Editor’s choice: An Analysis of Ice and Fire

Adam Vlach

I’m writing to talk about my favorite song. I’m confident most everyone has heard of it. It’s called “A Song of Ice and Fire.”

But to many, it’s simply known as “Game of Thrones.”

My first run in with fantasy was in the late ‘90s, when my mom would read me “Harry Potter” before bed. But I truly fell in love with the genre after I saw the first movie in “The Lord of the Rings” series in theaters.

From then, at 9 years old, I loved being able to “step away” and experience for a while the impossible become possible, whether it was from watching movies or reading.

I completely devoted all of my free time not only to “The Lord of the Rings,” but anything and everything written by the author, J.R.R. Tolkien. I explored the incredibly expansive universe he created. In middle school I learned to speak simple phrases in Elvish (an actually fully developed language). From age 11, when I first finished the book series, through my sophomore year in high school, I read “The Lord of the Rings” trilogy once a year, and watched the movies five times as many.

I was enamored with Tolkien’s world; Tolkien, who is referred to as “the father of high fantasy.” So for me to say that I believe someone now rivals his work is a big testament on my part. And as you can guess by now, it’s not J.K. Rowling (“Harry Potter” is incredibly entertaining, a page-turner, but, ironically despite being about wizards and witches, not “magical,” as far as literature goes).

George R. R. Martin’s series “A Song of Ice and Fire” is the pinnacle of fantasy. It is shockingly captivating. In the (highly debated) words of Time magazine, “This is as good a time as any to proclaim him the American Tolkien.” I know a lot of people who watch “Game of Thrones” but don’t read, but decided to pick up the first book and are now hooked. Why?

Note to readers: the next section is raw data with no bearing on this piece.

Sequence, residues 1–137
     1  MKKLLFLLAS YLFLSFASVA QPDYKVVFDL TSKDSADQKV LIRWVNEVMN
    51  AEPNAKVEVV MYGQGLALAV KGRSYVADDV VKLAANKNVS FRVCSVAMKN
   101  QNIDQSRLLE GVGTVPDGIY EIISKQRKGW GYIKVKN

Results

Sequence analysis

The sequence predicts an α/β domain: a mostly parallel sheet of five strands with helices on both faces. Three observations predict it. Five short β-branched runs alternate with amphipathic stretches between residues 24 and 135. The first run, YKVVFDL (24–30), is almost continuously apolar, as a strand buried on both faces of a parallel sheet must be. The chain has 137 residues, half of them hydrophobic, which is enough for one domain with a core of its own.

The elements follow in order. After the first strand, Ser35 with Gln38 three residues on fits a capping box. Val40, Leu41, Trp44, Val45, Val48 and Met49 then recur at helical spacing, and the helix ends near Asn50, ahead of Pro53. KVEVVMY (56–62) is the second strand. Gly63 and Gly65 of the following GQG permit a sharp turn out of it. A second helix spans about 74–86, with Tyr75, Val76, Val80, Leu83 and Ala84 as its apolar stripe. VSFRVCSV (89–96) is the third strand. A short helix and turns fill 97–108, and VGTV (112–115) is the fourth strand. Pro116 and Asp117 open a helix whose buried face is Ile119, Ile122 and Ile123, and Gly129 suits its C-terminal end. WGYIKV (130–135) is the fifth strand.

The first of the five books, titled “A Game of Thrones,” released at this point (two more to come) starts with a masterpiece of a prologue. If anything, just take 15 to 20 minutes to read the prologue at Barnes & Noble, and if you don’t like it, put it back on the shelf.

There are a few different factors that make “A Song of Ice and Fire” stand out above the rest, but the first one I would like to address is one I think is one of the most important. Not because it’s the most interesting, but because it allows the books to be appealing to multiple audiences.

The way the books are written, starting in the prologue, is phenomenal. J.K. Rowling (“Harry Potter”) is very easy to read and is classified as children’s books, but that bores some who want more intellectual stimulation. J.R.R. Tolkien (“The Lord of the Rings”) is much more intricate and delivers advanced writing. I’ve often been told, though, and I can understand why, he goes too in depth into details and descriptions. George R. R. Martin has somehow struck the perfect balance between Rowling’s “easy reading” and Tolkien’s level of meticulousness that makes the story seem as real as can be, yet not hard or tiring to read.

I have yet to meet someone who did not like “A Game of Thrones” (the book). I’ve met people who did not like “The Lord of the Rings”, because it was too dry and was difficult to read, and I’ve met those who did not like “Harry Potter,” because it was too cliché or too mainstream.

But “A Song of Ice and Fire” is neither, I can guarantee that (well, it’s mainstream now in the sense its show adaptation is the biggest hit on HBO, but the unique genre it falls under is not mainstream).

I have much more to say on the topic, but I want those who don’t read to understand what I am saying when I do post, so this is my pitch.

Whether you watch the show or not, whether you’re a reader or not, go to a book store, spend 15 minutes reading the prologue of “A Game of Thrones,” and then decide.

I wouldn’t have spent my time writing this if I didn’t think getting at least one person to read the series would make one more happier person in the world.

But hurry and go read, because winter is coming.

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